The road to Kazakhstan Sofia Baliño is Media and Communications Officer in the Economic Law and Policy program at the International Institute for Sustainable Development (IISD) The 70 World Trade Organization (WTO) members currently working on identifying ‘elements’ for a multilateral framework for investment facilitation are expected to present the fruits of their labour at the global trade club’s Twelfth Ministerial Conference (MC12) in Nur-Sultan, Kazakhstan in June 2020. Should their discussions prove successful, the next step would be text-based negotiations after MC12 draws to a close. The push to develop such a framework comes at a time when the global trade body is facing heightened pressure from multiple angles: some of these pressures are building within the system itself, while others are the result of external forces that are repeatedly testing the WTO’s resilience against intense, short-term shocks, as well as its long-term health and ability to support the achievement of sustainable development objectives. The current ‘structured discussions’ on investment facilitation began after the WTO’s last Ministerial Conference in Buenos Aires, Argentina, in December 2017, an event that was known largely for the failure of multilateral negotiations on disciplining harmful fisheries subsidies and in setting up a new work program on agriculture-related trade talks. This disappointment was paired with a landmark development that was largely, though not entirely, unprecedented in the organization’s recent history: the announcement of various ‘joint initiatives’ among large groups of WTO members to lay the groundwork for new negotiations or work in select subject areas1. One of these four initiatives is the development of an investment facilitation framework; the other three involve preparing for formal negotiations on new rules on electronic commerce; working toward a better understanding of the intersection between women, trade, and economic empowerment; and establishing an informal work program on issues that affect micro, small, and medium-sized enterprises’ (MSMEs) ability to participate in world trade. “The fact that this is happening shows that people see this organization as a place where they can advance issues that are of importance to them and to their economies,” said WTO Director-General Roberto Azevêdo at the close of the Buenos Aires Ministerial, while urging participants in these initiatives to make these discussions inclusive2. Since then, the WTO chief has referred to the investment facilitation efforts as a potential avenue for exhibiting the organization’s “continued importance, relevance, and credibility,” while reminding participants at their March 2019 investment facilitation meetings to keep the process open and inclusive, even of WTO members who are not part of the initiative3. “While we work to respond urgently to the broader systemic issues that we face in the trading system, we also have to deliver in areas of immediate, practical economic importance to members. For many members, facilitating investment is clearly one such area,” he continued. Proponents say that investment facilitation could also be valuable in addressing the well-documented shortfall in the investments needed to fulfil the targets included in Agenda 2030 for Sustainable Development and the related Sustainable Development Goals (SDGs), which the United Nations Conference on Trade and Development (UNCTAD) estimates to be at USD 2.5 trillion annually for developing economies4. While this problem is urgent, making sure this same framework or other investment facilitation efforts elsewhere do not complicate the achievement of sustainable development objectives in other ways is also essential. Several major developing countries have argued that creating a multilateral framework for investment facilitation that would be housed at the WTO not only goes beyond the scope of the organization’s mandate and capabilities, but also takes much-needed attention away from existing negotiating issues that have a clearer link to trade and are vital for the development prospects of several countries5. The fact that these discussions are advancing among a relatively small group, despite the opposition of some other WTO members, also raises the question of how this framework can truly be ‘multilateral’ as its proponents suggest, and the systemic implications of then presenting the outcome of these structured discussions to the full membership in Kazakhstan for their buy-in. As with other trade negotiations at the WTO, the closed-door nature of the discussions also means that stakeholders typically present at UN meetings face severe limitations on weighing in on these discussions and advocating for a wider range of perspectives. “The WTO was a rules-based institution. Any and every subject was not within the domain of the WTO as had been laid down in the Agreement Establishing the WTO. If members had to start seeing it as a discussion for each and every subject, it would destroy the rules-based institution,” India said at the May 2017 General Council, where it blocked the addition of an agenda item on investment facilitation on these and related grounds, and stressed the language agreed at the 2015 Nairobi WTO Ministerial about not negotiating on issues where there is not a consensus6. More recently, a group of ministers from developing economies meeting in New Delhi in early May 2019 issued a statement stressing that any new issues being considered under the ‘joint initiatives’ from Buenos Aires must ensure they are supportive of the multilateral trading system. “Multilateral avenues, based on consensus, remain the most effective means to achieve inclusive development-oriented outcomes. Members may need to explore different options to address the challenges of contemporary trade realities in a balanced manner,” they said7. Understanding investment facilitation The group involved in these investment facilitation talks is currently meeting on a near-monthly basis, with their next meeting planned for July8. They have moved from naming possible issues to include in this framework to a discussion that is more ‘concrete’ and incorporates examples and lessons learned from WTO members’ own experiences. This stage is based on a checklist of issues that were raised during their meetings in 2018, though the full checklist is not publicly available. These issues fall within the categories of making investment measures more transparent and predictable, streamlining and speeding up administrative procedures and requirements, developing ways to improve international cooperation and sharing of information and best practices, and seeing that development-related issues are incorporated into such a framework. The sessions themselves are open to any interested WTO members, but are not open to other stakeholders. Within the area of investment measures’ transparency and predictability, possible ‘issues’ that participants raised last year included the notification of these measures to the WTO, along with making those measures publicly available9,10. For administrative procedures and requirements, participants are examining issues such as whether to set time limits for administrative procedures or how to use information and communication technologies in making these procedures advance more quickly and cleanly11. On development, these discussions include the complex and important issue of special and differential treatment, which refers to provisions that allow developing countries additional latitude in implementing some of the WTO’s rules, such as exemptions or additional time. While the structured discussions are barely over a year old, the subject of whether and how to address investment at the WTO is a debate whose origin dates back decades. In the organization’s early years, the relationship between trade and investment was one of the four ‘Singapore issues’ that working groups were tasked with considering after the organization’s first ministerial conference in 199612. These working groups were meant to assess whether and how to include trade facilitation, investment, competition, and transparency in government procurement13. After the Cancún ministerial collapse in 2003, the Singapore issues were formally dropped in 2004, with the exception of trade facilitation, which was integrated into the Doha Round negotiating agenda. It is worth noting that there are some existing WTO Agreements that do address certain aspects of investment, such as the Agreement on Trade-Related Investment Measures (TRIMs) and the General Agreement on Trade in Services (GATS). During the intervening years, investment-related discussions, aside from in the context of GATS and TRIMs, were largely absent from the WTO, though the international investment law and policy regime outside the global trade club has evolved substantially. The number of bilateral investment treaties or treaties with investment provisions that countries have negotiated now numbers at over 3,300, though not all of these remain in force, according to UNCTAD14. Within the regime of IIAs, Brazil has made the notable shift in abandoning the negotiation of bilateral investment treaties in favour of cooperation and facilitation agreements (CFIAs) with interested partners15. G20 members in 2016 adopted Guiding Principles on Investment Policymaking, a notable first for the coalition, though the item was omitted from leaders’ communiqués in 2017 and 201816. UNCTAD, along with the Organisation for Economic Co-operation and Development (OECD), has also played an active role in developing guidance for country governments and regional bodies that they can use in their investment policymaking efforts, including on investment facilitation in relation to sustainability objectives17. The new investment facilitation discussions among the WTO member group was the result of a push by two different configurations of countries. One of them is a group known as the Friends of Investment Facilitation of Development (FIFD), which includes a growing coalition of developing economies that have advocated for an ‘informal dialogue’ on the issue and have held multiple workshops and regional outreach events18. The other group supporting this effort, known as the MIKTA, included Mexico, Indonesia, South Korea, Turkey, and Australia19. Officials from these WTO members, along with some trade experts, suggest that investment facilitation is the natural sequel to the WTO’s Trade Facilitation Agreement (TFA), which is the only global trade deal that the organization has managed to negotiate, adopt, and bring into force since the World Trade Organization was first founded in January 199520. The TFA and investment do have a common history at the WTO, in terms of both being ‘Singapore issues’. From there, however, their tracks diverge. Trade facilitation addresses topics which generally fall within the remit of ministries and border agencies that work on areas such as trade, customs, transport, and foreign affairs. The objective behind trade facilitation is reducing trade costs: making sure that trucks are not stalled for days when crossing national borders, for example, or face onerous bureaucratic hurdles in the form of duplicate document requirements and administrative barriers21. At the time of this writing, the Trade Facilitation Agreement had been ratified by 142 of the WTO’s 164 members. Investment facilitation is another matter altogether: much of investment facilitation touches upon the regulatory environment in which investors operate, which has implications for the business climate22. Developing and implementing multilateral measures in this area would require the involvement of multiple ministries, well beyond those that deal with border issues affecting goods in transit, while implicating a host of economic sectors. How an investment facilitation framework would be designed without expanding into investment liberalization and protection would be complicated at best. The conclusion that investment facilitation disciplines merit further development because the TFA negotiations were a success would therefore be far-fetched, given the conceptual and practical differences between these two subjects in theory and in practice. The TFA also involved a multilateral negotiating process with an agreed mandate and scope, where all 164 members could advocate for their interests, as opposed to the current approach in the investment facilitation talks, where a multilateral framework is being discussed among less than half of the WTO membership. Eyes on Kazakhstan ministerial conference The investment facilitation discussions are preparing to enter their next phase after the summer. Other joint initiatives, namely e-commerce, are now entering a new chapter involving detailed, substantive talks. With just one year to go until the next WTO ministerial conference, these efforts are also taking place in a landscape that, in some ways, have very little to do with investment facilitation at all. WTO members and the institution overall are grappling with an additional challenge: that without a major win in June 2020 in Kazakhstan, either at the ‘plurilateral’ or multilateral levels, the interest and attention of member governments, the private sector, civil society, and academia will move even further away from the global trade club and into other forums and trade agreements, where not all voices will necessarily be included. WTO members in Kazakhstan and beyond, however, need to make sure that they are negotiating not just for the sake of achieving any agreed multilateral outcomes, but that these outcomes address priority issues with urgent development implications, while avoiding the missteps that have prevented these negotiations from reaching a successful, development-oriented conclusion in the past. There are already some worrisome signs in the regular negotiations among the full WTO membership. Multilateral talks on disciplining harmful fisheries subsides have been highly active since the Buenos Aires Ministerial Conference, yet trade officials caution that these efforts need to move beyond engagement into substantive progress, both on technical issues and in securing the political will to meet their current end-2019 target, or even by the June 2020 Kazakhstan Ministerial23. Negotiators working on agriculture are planning to move from working group discussions to more formal talks after July 2019, but what level of ambition they will aim for and what issues they may take is far from clear, with options including an outcome on transparency, a package of incremental advances in select areas, or a comprehensive set of reforms to agricultural trade rules in areas such as domestic support or public food stockholding. Again, while there has been intense activity in this area in Geneva, moving from activity to a consensus, development-oriented outcome supported by all 164 members is a notoriously tough ask, and has proven especially difficult in the agriculture negotiations. Concurrently, the WTO is being repeatedly tested against its ability to handle shocks, including economic ones that lie outside the realm of the institution, such as the US-China trade tensions that have involved months of tense negotiations and tariff escalations, or the impending exit of the United Kingdom from the European Union. It is also facing pressures from within, with its dispute settlement system on dangerous ground. The Appellate Body is widely expected to stop functioning at year’s end: December 10, 2019 is when two more judges’ terms expire, leaving just one Appellate Body member left. The United States, which has been blocking the start of selection processes to fill the vacant Appellate Body slots, has repeatedly made clear that it has no plans to remove its objections any time soon. US Ambassador to the WTO Dennis Shea said in early May that his country could not support any of the proposals for Appellate Body reform that some WTO members have lately put forward, nor has Shea indicated any obvious signs of what approaches could pass muster24. Under WTO rules, three Appellate Body members must sign off on any report, and there is a growing fear that WTO members will be able to appeal reports they disagree with to a body that is unable to take on its appeal. This situation would create an unprecedented state of legal uncertainty, making it impossible to have final, binding rulings on whether members’ disputed measures are consistent with global trade rules. As the days and months tick down toward the Kazakhstan Ministerial, another question is looming large over delegates: whether any negotiated outcomes, multilateral or otherwise, can be effectively enforced in the absence of a functioning Appellate Body. If the investment facilitation and e-commerce joint initiatives both advance enough that their proponents can present outcomes for ministers’ consideration in Kazakhstan, this will also raise a host of additional questions: what will it mean for the multilateral trading system, for example, that elements for this multilateral framework on investment facilitation or a new set of draft rules on e-commerce have been developed among a WTO member group, rather than by all 164 WTO members. While the Nairobi Ministerial Declaration in 2015 made clear that negotiating on any non-Doha Round issues at the WTO would require the signoff of the full membership, the implications of that compromise language in practice could be far-reaching on multiple levels, such as on the levels of energy and interest devoted to existing negotiating issues that are of particular importance to developing and least developed countries (LDCs)25. Some developing countries have questioned whether they would get the same traction if they raised ‘new issues’ of their own without an agreed mandate to do so, leading to an even greater imbalance among the membership and on the organization’s overall agenda26. For example, at the May 2017 meeting of the General Council where China had asked to put an item on the agenda about investment facilitation, Uganda was one of various countries referring back to the Nairobi Ministerial Declaration, and the concern that in that meeting’s aftermath some members were now ignoring issues with existing mandates and instead bringing up new ones of particular interest to them. “Would anybody pay attention to the LDCs if they raised an issue without a mandate?” Uganda said, according to the meeting minutes27. Going forward, participants of this joint initiative must consider what the absence of some emerging economies, such as India and South Africa, from the talks means for the development dimension of any final outcomes, even if these economies have opted against participating in those discussions for the above-mentioned reasons28. Participants must also consider what the unveiling of this investment facilitation framework will mean for the tone of the multilateral discussions among the wider membership, which are already loaded with tension, and whether it will bring back the frustrations and conceptual disagreements that were on display in Nairobi over three years ago. Endnotes 1. WTO (2017), New initiatives on electronic commerce, investment facilitation and MSMEs, https://www.wto.org/english/news_e/news17_e/minis_13dec17_e.htm 2. WTO (2017), MC11 Closing Ceremony, https://www.wto.org/english/news_e/spra_e/spra209_e.htm 3. WTO (2019), DG Azevêdo urges open and inclusive discussions on investment facilitation, https://www.wto.org/english/news_e/spra_e/spra250_e.htm 4. UNCTAD (2014), World Investment Report, https://unctad.org/en/PublicationsLibrary/wir2014_en.pdf 5. WTO (2017), Minutes of the meeting held in the Centre William Rappard on 10 and 18 May 2018, https://docs.wto.org/dol2fe/Pages/FE_Search/FE_S_S009-DP.aspx?language=E&CatalogueIdList=253311,251667,249777,248597,246615,244853,243101,240275,238906,237843&CurrentCatalogueIdIndex=9&FullTextHash=&HasEnglishRecord=True&HasFrenchRecord=True&HasSpanishRecord=True 6. Ibid. 7. Government of India, Ministry of Commerce and Industry (2019), Outcome of the WTO Ministerial meeting of developing countries working collectively to strengthening the WTO to promote development and inclusivity, https://commerce.gov.in/PressRelease.aspx?Id=6675 8. WTO (2019), Structured Discussions on Investment Facilitation for Development, https://www.wto.org/english/thewto_e/acc_e/ifd_feb2019_v1.pdf 9. WTO (2018), WTO Public Forum: Trade 2030: Working Session 29, Investment Facilitation for Development, Session notes taken on site, supporting audio available online https://www.wto.org/audio/pf18session29.mp3 10. WTO (2019), Structured Discussions on Investment Facilitation for Development, https://www.wto.org/english/thewto_e/acc_e/ifd_feb2019_v1.pdf 11. Ibid. 12. WTO (2019), Trade and Investment, https://www.wto.org/english/tratop_e/invest_e/invest_e.htm 13. WTO (2019), Investment, competition, procurement, simpler procedures, https://www.wto.org/english/thewto_e/whatis_e/tif_e/bey3_e.htm 14. UNCTAD (2019), International Investment Agreements Navigator, https://investmentpolicyhubold.unctad.org/IIA 15. International Institute for Sustainable Development, Bernasconi-Osterwalder, N and Dietrich Brauch, M (2015), Brazil’s Innovative Approach to International Investment Law, https://www.iisd.org/blog/brazils-innovative-approach-international-investment-law 16. Berger, A and Evenett, S (2018), The Trump-Induced G20 Stress Test on Trade: Did the German Presidency Pass? https://academic.oup.com/globalsummitry/article/3/2/124/4999066 17. UNCTAD (2015), Investment Policy Framework for Sustainable Development, https://unctad.org/en/PublicationsLibrary/diaepcb2015d5_en.pdf 18. WTO (2017), Workshop on Investment Facilitation for Development, https://www.wto.org/english/tratop_e/invest_e/workshopinvestjuly17_e.htm 19. Investment Treaty News, Ghiotto, L (2018), A Critical Review of the Debate on Investment Facilitation, https://www.iisd.org/itn/2018/10/17/a-critical-review-of-debate-investment-facilitation-luciana-ghiotto/ 20. Columbia FDI Perspectives, Hamdani, K (2018), Investment facilitation at the WTO is not investment redux’ http://ccsi.columbia.edu/files/2016/10/No-226-Hamdani-FINAL.pdf 21. WTO (2013), Briefing note: Trade facilitation — Cutting “red tape” at the border, https://www.wto.org/english/thewto_e/minist_e/mc9_e/brief_tradfa_e.htm 22. OECD Investment Insights, Novik, A and de Crombrugghe, A (2018), Towards an International Framework for Investment Facilitation,’ https://www.oecd.org/investment/Towards-an-international-framework-for-investment-facilitation.pdf 23. WTO (2019), DG Azevêdo: rules-based trading system is “irreplaceable” but must be ready to evolve, https://www.wto.org/english/news_e/spra_e/spra258_e.htm 24. US Mission to International Organizations in Geneva (2019), Ambassador Shea’s Statement at the WTO General Council Meeting (agenda items 4, 6, 7), https://geneva.usmission.gov/2019/05/08/ambassador-sheas-statement-at-the-wto-general-council-meeting-agenda-items-4-6-7/ 25. WTO (2015), Nairobi Ministerial Declaration, https://www.wto.org/english/thewto_e/minist_e/mc10_e/mindecision_e.htm 26. WTO (2017), Minutes of the meeting held in the Centre William Rappard on 10 and 18 May 2018, https://docs.wto.org/dol2fe/Pages/FE_Search/FE_S_S009-DP.aspx?language=E&CatalogueIdList=253311,251667,249777,248597,246615,244853,243101,240275,238906,237843&CurrentCatalogueIdIndex=9&FullTextHash=&HasEnglishRecord=True&HasFrenchRecord=True&HasSpanishRecord=True 27. WTO (2017), Minutes of the meeting held in the Centre William Rappard on 10 and 18 May 2018, https://docs.wto.org/dol2fe/Pages/FE_Search/FE_S_S009-DP.aspx?language=E&CatalogueIdList=253311,251667,249777,248597,246615,244853,243101,240275,238906,237843&CurrentCatalogueIdIndex=9&FullTextHash=&HasEnglishRecord=True&HasFrenchRecord=True&HasSpanishRecord=True 28. WTO (2017), India - Statement by HE Mr Suresh Prabhakar Prabhu, Union Minister for Commerce and Industry, https://www.wto.org/english/thewto_e/minist_e/mc11_e/webcasting_plenary_e.htm#ind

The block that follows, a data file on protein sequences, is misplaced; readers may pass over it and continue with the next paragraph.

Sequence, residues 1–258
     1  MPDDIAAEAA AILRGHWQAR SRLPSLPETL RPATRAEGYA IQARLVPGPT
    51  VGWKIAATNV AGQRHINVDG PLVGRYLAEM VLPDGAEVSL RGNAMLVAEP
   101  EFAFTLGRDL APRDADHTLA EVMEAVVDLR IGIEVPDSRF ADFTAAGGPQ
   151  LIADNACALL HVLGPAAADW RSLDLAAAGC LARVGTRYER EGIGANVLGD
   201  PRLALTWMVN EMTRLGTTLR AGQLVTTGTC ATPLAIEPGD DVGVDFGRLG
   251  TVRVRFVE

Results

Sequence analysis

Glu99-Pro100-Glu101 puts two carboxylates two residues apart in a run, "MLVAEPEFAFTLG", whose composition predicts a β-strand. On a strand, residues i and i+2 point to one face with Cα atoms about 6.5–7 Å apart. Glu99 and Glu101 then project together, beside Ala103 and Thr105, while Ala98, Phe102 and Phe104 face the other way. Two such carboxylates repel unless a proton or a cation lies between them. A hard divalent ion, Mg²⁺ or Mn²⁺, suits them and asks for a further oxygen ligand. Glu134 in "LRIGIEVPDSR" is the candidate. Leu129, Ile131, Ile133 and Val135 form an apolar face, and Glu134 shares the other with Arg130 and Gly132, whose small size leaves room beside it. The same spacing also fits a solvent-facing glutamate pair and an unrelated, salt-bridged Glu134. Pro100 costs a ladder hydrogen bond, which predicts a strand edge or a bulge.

Participants must also consider what the unveiling of this investment facilitation framework will mean for the tone of the multilateral discussions among the wider membership